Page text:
Let me say that again… you build from the back of the bullpen out. You have a closer who can actually close. You get a few good setup men. You add another live arm or two before them. All of a sudden you’re built for your starters to go 6 innings and your masterful pen shuts teams down the rest of the way.

You shorten the game. (Write that down, there will be a test later)

If your pen is deep, and championship caliber teams’ pens always are, you shorten games and win games. It’s pretty simple.

So this past winter I kept bellyaching the Dodgers should forsake the draft pick and sign Soriano, who was available to close. He was out there a long time, and I spent a lot of time tweeting about it. Also, the Japanese closer Fujikawa, who still hasn’t made much noise for the Cubs, but could have, and easily may.

I mentioned Hanrahan of the Pirates, who was available, and is now hurt. Maybe that would have been a bust, or perhaps he wouldn’t have gotten hurt if he were with the Dodgers, hard to say.

Or we could have added any other live arm, or made a trade. You see where I’m going.

Instead, Kasten (blame Ned if you want, but ultimately everything goes through Kasten, good or bad) opted to resign League and assume he could be as effective as he was in a short stint last year with the blue. Ignore the fact League lost his closer’s job in Seattle – yes, the lowly Mariners – Kasten felt what he saw in a small sample size was the real deal.

Incidentally, he also ignored logic and assumed what he saw in Cruz at third base was the real deal and not an anomaly. A career minor league SHORTSTOP was suddenly a major league starter at THIRD BASE – for a $220M team, no less.

I question Kasten’s decision making. Anyway, back to the pen…

So League was anointed the closer, Kenley with his heart condition the setup man, and minor criminal Belisario the other. Those three guys – while I guess possible they could all do well – are just not the three back end of the bullpen guys for a real championship caliber team. They’re not.

Now we’re nearing the end of May and we can see the starters are mostly giving us good efforts, often very good, and the pen is throwing gasoline on a fire and costing us games. Magill has been burned twice in his young Dodgers career. Every starter probably has at this point.

So… what is Kasten going to do about it? Pretend it’s not happening? He’s done a lot of that up until this point, and it would seem his or the ownership group’s pride is keeping them from making necessary adjustments as it would be admitting mistakes had been made. Or… they feel if they keep going down the same path, their plan will eventually come into play.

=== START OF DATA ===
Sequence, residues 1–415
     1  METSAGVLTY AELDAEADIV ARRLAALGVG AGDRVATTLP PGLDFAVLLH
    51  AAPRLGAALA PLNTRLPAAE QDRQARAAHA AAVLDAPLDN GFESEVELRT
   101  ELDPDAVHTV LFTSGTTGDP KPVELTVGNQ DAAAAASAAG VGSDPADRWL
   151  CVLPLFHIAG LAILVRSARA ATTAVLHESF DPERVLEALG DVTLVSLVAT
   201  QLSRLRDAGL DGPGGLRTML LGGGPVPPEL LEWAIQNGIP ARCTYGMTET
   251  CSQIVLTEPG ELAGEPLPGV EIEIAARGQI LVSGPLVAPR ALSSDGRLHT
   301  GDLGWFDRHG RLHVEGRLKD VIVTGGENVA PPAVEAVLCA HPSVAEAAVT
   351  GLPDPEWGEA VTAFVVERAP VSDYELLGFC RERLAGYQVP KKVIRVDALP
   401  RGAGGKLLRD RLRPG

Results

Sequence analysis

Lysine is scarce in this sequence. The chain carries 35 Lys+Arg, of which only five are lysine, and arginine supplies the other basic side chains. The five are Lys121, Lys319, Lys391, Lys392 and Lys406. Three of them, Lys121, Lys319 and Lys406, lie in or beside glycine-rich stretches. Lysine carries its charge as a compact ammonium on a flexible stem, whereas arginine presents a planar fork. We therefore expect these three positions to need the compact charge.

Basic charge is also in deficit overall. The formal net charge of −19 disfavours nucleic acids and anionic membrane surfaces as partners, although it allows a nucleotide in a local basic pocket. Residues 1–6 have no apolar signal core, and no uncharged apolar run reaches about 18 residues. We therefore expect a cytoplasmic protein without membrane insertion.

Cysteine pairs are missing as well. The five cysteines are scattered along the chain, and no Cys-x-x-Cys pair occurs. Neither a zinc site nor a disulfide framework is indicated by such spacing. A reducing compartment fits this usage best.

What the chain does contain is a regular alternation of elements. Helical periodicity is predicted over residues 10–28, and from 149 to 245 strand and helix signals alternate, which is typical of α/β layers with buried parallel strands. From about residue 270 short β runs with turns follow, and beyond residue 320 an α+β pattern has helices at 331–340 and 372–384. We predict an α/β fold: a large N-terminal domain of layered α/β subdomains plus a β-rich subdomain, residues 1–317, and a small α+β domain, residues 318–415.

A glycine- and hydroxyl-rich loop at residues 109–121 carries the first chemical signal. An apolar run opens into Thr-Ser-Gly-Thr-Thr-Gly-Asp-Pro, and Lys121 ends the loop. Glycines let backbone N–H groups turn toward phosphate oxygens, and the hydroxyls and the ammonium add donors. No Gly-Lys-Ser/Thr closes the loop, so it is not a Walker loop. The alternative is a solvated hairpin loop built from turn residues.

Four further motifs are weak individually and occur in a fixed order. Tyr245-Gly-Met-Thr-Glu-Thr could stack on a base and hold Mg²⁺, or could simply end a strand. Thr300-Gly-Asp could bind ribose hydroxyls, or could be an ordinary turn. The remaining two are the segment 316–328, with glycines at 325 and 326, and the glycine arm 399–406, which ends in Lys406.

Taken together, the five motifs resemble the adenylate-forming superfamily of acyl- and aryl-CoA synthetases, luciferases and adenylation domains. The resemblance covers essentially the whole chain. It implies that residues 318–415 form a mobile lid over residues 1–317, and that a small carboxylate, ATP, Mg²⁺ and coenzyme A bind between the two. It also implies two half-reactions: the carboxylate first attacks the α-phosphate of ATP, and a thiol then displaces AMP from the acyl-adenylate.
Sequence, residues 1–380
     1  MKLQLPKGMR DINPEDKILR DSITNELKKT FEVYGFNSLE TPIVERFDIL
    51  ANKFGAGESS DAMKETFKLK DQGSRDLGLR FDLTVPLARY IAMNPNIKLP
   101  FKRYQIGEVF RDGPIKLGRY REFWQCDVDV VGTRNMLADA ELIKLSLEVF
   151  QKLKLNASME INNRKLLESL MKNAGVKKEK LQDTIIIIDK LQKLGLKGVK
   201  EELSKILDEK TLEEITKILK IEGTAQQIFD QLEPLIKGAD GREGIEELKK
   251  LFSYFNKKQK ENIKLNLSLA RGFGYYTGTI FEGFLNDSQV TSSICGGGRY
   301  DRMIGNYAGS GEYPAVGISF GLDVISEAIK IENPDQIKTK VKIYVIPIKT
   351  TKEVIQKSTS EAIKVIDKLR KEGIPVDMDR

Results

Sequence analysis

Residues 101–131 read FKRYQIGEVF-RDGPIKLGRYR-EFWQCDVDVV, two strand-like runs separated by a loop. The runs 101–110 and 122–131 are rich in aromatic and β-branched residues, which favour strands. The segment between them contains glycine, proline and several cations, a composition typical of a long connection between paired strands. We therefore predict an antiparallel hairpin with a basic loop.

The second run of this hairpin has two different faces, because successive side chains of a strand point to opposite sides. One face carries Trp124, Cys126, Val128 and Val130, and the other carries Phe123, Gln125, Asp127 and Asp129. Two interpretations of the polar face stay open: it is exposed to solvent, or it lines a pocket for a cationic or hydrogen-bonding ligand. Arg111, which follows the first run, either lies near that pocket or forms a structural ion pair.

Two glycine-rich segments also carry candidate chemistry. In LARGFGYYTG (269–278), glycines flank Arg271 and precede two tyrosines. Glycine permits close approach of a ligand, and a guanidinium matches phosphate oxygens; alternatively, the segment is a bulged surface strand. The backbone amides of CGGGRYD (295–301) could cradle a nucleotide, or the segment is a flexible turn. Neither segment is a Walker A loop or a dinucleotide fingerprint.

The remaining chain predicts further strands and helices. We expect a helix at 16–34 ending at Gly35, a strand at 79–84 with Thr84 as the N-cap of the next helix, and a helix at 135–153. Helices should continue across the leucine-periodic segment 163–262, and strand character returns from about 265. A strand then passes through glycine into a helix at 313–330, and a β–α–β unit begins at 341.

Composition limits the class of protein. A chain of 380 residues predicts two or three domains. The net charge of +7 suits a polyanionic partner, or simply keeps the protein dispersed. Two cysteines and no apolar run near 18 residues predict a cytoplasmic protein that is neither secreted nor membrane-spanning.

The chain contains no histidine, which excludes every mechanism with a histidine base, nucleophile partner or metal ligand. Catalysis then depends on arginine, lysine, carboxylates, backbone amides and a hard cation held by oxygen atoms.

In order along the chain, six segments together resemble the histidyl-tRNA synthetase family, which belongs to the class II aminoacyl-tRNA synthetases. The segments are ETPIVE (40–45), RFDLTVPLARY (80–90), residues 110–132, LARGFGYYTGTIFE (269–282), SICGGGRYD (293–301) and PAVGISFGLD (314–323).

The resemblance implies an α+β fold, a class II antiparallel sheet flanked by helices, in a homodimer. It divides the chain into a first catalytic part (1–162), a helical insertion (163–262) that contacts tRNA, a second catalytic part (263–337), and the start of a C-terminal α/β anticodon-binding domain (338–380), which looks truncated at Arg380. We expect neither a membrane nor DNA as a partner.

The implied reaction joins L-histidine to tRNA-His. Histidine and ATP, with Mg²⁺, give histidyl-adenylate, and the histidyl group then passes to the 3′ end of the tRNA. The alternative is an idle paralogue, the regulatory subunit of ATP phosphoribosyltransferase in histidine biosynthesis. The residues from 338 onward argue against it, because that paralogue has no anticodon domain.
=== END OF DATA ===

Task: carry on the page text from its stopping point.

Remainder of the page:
Now it’s possible that League settles down, Kenley and Belisario are more consistent, Kemp and Ethier hit, etc., etc., but it’s also nearly two months into a six month season and we’re freefalling out of the race. It might be wise to at least consider options, if not make changes.

I would hope that Kasten is considering acquiring a closer soon. Of course the fact that it’s still May and with the wildcard, few teams feel the need to surrender so easily, getting that closer may be next to impossible. Right now anyway.

But assume a closer is obtained at some point. That move alone would help a lot of the Dodgers current problems. Ideally we acquire a closer and one other good reliever. But one or two, we add this guy or guys and that allows League and Kenley to move back an inning and Belisario and inning before that.

If we could get to the point where we had a reliable closer, and a setup man or two that could bridge the gap, then some live arms earlier, all of a sudden we have something.

That would mean Magill goes 6 today, strikes out 8 and hands the ball over to a better caliber reliever, and not our situational lefthander. Magill probably wins a game and the positive thing from today – a young Dodgers pitching prospect might find a home in the rotation – is the story, and not how shitty our bullpen is.

I also nagged we needed another starter, and that was evident as Kasten’s pipedream of Billingsley, Lilly and Harang imploded in our faces. But now we seem to have settled things down in the pen, thanks to some good health from Capuano and young Magill. With Kershaw, Greinke and Ryu up top, it seems the rotation is strong enough and can give us a chance to win most games – if the pen is fixed and doesn’t waste these efforts.